The Reel Talk Editorial Team’s Top Three Films of The Decade: Part 1

Edited By Charlotte Ammirato

Everybody loves film. Well, not everyone, but we can guarentee that nearly everyone you know has films they both love and cannot stand.

The brilliant thing about film is accessibility. Unlike other departments on campus, everyone can get involved in discussion about film and television, because it’s something that everyone gets involved with in their day-to-day life.

Here at Reel Talk, we want to do exactly that. A place for Warwick Film and TV undergrads to discuss everything you could possibly want, or not want, to watch on a screen.

We’re currently after student submissions, but, whilst we wait, let’s get kickstarted by meeting the Editorial Team here at Reel Talk, as they discuss their top films of the past decade, as 2019 begins to draw to a close…

Jake Helm, Third Year Film Studies

The Grand Budapest Hotel (dir. Wes Anderson, 2014)

In this comedy, Wes Anderson accomplished the complex task of blending form and content, style and substance. With its signature zooms, satirical tableaux, and candy colour palette, Anderson creates a vivacious and imaginative evocation of a bygone era that features a captivating tale of homicide, theft, and conspiracy. It’s a testament to Anderson’s skill that he makes a film, whose main subjects are death and loss, appear so light-hearted and filled with amusing slapstick moments. It’s a whimsical, melancholic homage to the opulence of the fin-de-siècle, and an elegant portrait of 1930s Europe, as well as an intricate reflection of our own times. His innate artistry to build fantastical worlds, combined with a brilliant lead performance from Ralph Fiennes, and Alexandre Desplat’s exceptional score, makes, in my opinion, The Grand Budapest Hotel the most exquisitely designed film of the decade, and firmly establishes Anderson as one of the greatest auteurs of our generation and, perhaps, ever.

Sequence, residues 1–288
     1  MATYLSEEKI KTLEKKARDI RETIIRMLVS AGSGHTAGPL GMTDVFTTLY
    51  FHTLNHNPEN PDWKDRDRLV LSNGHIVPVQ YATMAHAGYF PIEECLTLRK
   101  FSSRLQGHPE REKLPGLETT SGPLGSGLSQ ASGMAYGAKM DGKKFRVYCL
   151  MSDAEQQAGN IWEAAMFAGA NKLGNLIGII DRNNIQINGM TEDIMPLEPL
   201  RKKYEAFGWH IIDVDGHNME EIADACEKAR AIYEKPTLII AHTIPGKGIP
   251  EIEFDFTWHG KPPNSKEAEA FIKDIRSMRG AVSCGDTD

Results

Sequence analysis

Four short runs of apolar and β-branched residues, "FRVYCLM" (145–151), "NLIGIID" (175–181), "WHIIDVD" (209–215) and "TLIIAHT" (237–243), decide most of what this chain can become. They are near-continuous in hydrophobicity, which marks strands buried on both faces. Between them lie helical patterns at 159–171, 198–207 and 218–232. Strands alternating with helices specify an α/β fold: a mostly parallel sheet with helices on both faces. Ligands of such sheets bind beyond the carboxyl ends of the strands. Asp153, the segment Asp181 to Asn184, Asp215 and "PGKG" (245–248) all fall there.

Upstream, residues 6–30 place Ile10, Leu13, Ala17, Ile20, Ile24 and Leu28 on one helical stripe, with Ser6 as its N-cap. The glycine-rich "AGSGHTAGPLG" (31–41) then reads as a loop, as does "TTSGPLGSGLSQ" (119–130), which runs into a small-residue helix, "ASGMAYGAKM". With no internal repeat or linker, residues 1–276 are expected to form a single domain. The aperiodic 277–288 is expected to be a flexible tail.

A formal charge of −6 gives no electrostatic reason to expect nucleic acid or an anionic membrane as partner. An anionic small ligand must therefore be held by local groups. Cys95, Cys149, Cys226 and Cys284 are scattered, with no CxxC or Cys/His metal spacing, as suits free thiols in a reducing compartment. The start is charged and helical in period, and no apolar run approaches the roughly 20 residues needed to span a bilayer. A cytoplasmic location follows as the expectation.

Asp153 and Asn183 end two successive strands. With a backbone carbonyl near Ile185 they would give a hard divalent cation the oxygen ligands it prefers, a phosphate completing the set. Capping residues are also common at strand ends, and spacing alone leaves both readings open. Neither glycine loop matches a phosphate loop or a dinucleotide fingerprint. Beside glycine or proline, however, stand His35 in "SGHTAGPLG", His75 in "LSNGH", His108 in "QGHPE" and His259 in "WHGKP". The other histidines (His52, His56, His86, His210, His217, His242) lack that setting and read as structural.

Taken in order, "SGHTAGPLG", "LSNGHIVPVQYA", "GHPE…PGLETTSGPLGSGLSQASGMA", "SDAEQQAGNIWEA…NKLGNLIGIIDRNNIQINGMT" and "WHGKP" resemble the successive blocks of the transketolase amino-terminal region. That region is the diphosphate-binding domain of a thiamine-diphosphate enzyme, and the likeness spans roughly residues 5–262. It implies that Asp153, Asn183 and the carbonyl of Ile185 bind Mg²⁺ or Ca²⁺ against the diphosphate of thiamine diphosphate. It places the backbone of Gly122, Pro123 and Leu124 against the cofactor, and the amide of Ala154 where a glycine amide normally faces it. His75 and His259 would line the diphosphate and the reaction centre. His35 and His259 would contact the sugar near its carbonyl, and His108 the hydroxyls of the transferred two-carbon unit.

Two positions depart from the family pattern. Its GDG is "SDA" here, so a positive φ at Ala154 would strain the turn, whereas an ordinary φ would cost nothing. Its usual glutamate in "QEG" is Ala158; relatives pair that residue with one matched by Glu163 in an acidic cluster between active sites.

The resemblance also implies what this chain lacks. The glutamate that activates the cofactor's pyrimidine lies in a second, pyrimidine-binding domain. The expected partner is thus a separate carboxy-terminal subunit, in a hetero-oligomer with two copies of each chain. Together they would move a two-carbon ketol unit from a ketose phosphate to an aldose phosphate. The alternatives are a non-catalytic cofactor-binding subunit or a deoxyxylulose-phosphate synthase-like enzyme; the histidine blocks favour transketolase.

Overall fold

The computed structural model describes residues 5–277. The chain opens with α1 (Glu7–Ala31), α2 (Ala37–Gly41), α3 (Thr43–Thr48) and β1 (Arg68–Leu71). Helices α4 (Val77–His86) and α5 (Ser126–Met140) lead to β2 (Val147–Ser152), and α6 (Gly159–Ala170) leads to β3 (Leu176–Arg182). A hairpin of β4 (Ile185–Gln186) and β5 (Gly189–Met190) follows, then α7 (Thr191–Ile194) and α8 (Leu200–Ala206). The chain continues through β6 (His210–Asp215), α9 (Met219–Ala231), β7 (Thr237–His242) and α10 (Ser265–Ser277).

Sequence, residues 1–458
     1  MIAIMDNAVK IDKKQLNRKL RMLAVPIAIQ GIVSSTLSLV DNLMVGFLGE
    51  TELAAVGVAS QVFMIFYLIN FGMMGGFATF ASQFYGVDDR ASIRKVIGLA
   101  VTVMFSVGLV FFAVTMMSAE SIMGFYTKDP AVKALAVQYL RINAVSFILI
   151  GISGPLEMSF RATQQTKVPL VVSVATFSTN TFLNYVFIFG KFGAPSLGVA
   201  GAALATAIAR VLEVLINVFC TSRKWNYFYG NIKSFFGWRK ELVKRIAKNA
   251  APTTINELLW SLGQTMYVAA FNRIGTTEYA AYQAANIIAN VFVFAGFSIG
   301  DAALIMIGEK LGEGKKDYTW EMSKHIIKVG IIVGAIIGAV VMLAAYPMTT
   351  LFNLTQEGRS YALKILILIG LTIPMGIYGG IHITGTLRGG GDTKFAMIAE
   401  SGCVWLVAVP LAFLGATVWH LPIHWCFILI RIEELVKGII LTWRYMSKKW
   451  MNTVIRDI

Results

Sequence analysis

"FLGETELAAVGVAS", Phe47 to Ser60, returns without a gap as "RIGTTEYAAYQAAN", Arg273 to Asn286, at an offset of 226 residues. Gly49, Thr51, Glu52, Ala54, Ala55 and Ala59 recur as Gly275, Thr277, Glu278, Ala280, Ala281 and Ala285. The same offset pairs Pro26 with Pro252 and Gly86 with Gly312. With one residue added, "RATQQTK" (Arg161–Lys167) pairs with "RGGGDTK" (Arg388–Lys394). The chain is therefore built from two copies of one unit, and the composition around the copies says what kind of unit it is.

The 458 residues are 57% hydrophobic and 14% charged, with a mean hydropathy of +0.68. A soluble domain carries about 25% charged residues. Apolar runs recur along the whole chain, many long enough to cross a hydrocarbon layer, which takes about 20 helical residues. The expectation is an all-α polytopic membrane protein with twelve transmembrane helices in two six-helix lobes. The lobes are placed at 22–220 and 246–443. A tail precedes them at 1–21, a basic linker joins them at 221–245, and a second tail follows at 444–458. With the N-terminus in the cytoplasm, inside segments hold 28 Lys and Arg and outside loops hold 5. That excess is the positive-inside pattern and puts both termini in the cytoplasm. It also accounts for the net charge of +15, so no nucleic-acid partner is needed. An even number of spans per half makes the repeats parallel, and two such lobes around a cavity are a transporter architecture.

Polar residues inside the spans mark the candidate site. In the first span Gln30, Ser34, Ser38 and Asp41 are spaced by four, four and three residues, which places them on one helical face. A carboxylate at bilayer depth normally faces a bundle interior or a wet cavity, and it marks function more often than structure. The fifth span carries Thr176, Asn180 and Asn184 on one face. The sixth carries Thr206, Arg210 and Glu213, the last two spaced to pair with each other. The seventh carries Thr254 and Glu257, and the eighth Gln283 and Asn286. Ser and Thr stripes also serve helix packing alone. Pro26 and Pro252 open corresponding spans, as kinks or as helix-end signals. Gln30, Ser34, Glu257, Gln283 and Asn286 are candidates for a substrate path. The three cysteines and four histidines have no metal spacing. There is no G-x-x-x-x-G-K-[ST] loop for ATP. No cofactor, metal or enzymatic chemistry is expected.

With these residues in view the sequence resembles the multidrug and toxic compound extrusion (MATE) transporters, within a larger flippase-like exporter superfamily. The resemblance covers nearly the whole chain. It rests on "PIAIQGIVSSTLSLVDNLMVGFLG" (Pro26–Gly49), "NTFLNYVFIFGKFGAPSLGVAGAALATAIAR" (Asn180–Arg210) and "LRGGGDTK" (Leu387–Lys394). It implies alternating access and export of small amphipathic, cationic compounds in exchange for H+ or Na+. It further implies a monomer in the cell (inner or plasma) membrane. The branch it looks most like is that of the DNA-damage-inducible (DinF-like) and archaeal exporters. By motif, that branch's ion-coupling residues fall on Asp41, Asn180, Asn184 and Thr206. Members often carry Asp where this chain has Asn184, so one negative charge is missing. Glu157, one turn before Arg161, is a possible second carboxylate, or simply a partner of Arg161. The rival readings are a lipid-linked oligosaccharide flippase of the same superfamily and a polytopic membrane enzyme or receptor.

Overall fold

Honourable mentions: La La Land (dir. Damien Chazelle, 2017) and Toy Story 3 (dir. Lee Unkrich, 2010)

Lia Barrett, Third Year Film Studies

The Help (dir. Tate Taylor, 2011)

As a generally unfavourable choice, with online critics often only awarding the film three star ratings, it may be unusual to see Tate Taylor’s 2011 drama The Help taking pride of place as a ‘top film’ for any viewer. Nonetheless, by exploring the treatment and experiences of the African American ‘help’ during the Civil Rights Movement in the southern states of 1960s America, The Help tells a heart-warming story about female relationships, and the navigation of womanhood at opposing ends of the class spectrum. The incredible female characters, portrayed by Viola Davis, Octavia Spencer and Emma Stone, retain their pride and dignity in a community where anyone’s business is everyone’s business – whilst the muted, yet beautifully coherent pastel, colour palette creates a glossy presentation of the gritty content on screen. All of these elements, after 8 years, still manage to make what should be an uncomfortable viewing experience more digestible and relevant for a range of audiences.

Honourable mentions: Prisoners (dir. Dennis Villeneuve, 2013), Baby Driver (dir. Edgar Wright, 2017)

Matthew Smolenski, Second Year Film Studies

Phantom Thread (dir. Paul Thomas Anderson, 2017)